Let’s be clear: you don’t have a culture just because you’re considering an office refurbishment. Office interiors are just another piece of the toolkit that helps you build a culture slowly, so your employees can live and assimilate the company’s values over time. In that respect, a culture will exist and evolve with or without an office refurbishment.
That said, office design exerts a powerful force on behaviour. It becomes much harder for people to follow an old behaviour when their office interior design works against them, and in its place a new behaviour becomes easier.
This isn’t about splashing the corporate colours all over the walls. If the rest of your office design doesn’t align with the values of the company, you’d be putting lipstick on a pig. But when you interpret the cultural foundations correctly, and enhance them through a great office fit out, you get a place where people feel proud, inspired, nourished and engaged.
How do you start the process?
By considering your individual employees and the way they approach their work. Who is your workforce? How do they move about, meet clients, interact, chat, relax? Are you dealing with several cultures, spread across different generations, office locations and personality types? What are the brand values and how can they be communicated through the office interior design?
These are not easy questions to answer, but the answers help you put the needle down in the right office design groove. So:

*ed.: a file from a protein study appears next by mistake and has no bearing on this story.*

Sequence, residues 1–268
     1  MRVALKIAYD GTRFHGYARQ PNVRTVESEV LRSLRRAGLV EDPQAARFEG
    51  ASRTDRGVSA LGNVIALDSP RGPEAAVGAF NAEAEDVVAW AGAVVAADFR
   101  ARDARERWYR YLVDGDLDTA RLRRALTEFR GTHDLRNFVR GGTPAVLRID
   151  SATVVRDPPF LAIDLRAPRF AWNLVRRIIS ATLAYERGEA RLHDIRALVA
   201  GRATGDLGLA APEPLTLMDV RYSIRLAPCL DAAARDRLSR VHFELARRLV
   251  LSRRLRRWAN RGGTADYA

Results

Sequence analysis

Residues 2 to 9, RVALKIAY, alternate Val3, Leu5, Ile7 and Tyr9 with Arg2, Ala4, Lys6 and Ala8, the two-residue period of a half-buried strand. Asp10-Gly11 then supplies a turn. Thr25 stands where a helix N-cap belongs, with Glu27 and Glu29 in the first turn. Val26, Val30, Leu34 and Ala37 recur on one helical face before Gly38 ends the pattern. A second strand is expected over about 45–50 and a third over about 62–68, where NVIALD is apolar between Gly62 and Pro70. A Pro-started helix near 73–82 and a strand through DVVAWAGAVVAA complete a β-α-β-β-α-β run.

An organisation that is serious about collaboration might ditch hierarchies by placing people in spaces that don’t directly correspond to their title. People will naturally connect with one another more if office design floor plans are open.
Cultures based on innovation can take a page from the GooglePlex and scatter groups of comfy chairs around the office fit out so employees can gather and share ideas.
If productivity is a core value, the office design can be designed around the “grab and go” philosophy of giving workers instant access to the tools, environments and people they need to achieve as much as possible in the shortest period of time. Incorporating docking stations, touchscreens and charging points across the office interior design let people connect to their platforms faster, better and from anywhere.
A flexible culture may choose to apply co-working techniques such as hot desks – work stations that are shared by different workers at different times. This flexibility allows for maximum use of space, giving tangible benefits to the real estate overhead.
A company with a younger workforce should look at morphing work time with social time to create the ultimate “workplayce.” Fun breakout zones, socialising areas, reading corners, cafes and workout spaces give Millennials what they want in an office design and shows that you care about your staff’s physical and emotional well-being.
One word of caution: building a collaborative, creative, productive office design is not a cure-all. No space can change a culture that is risk-averse or one that stifles innovation. But by creating office interiors that mirror the behaviour of the workers who use them, you create an office design that positively impacts the way people work, collaborate and play. It may be letting the inmates run the asylum, but it will provide measurable changes to the happiness, motivation and loyalty of your staff.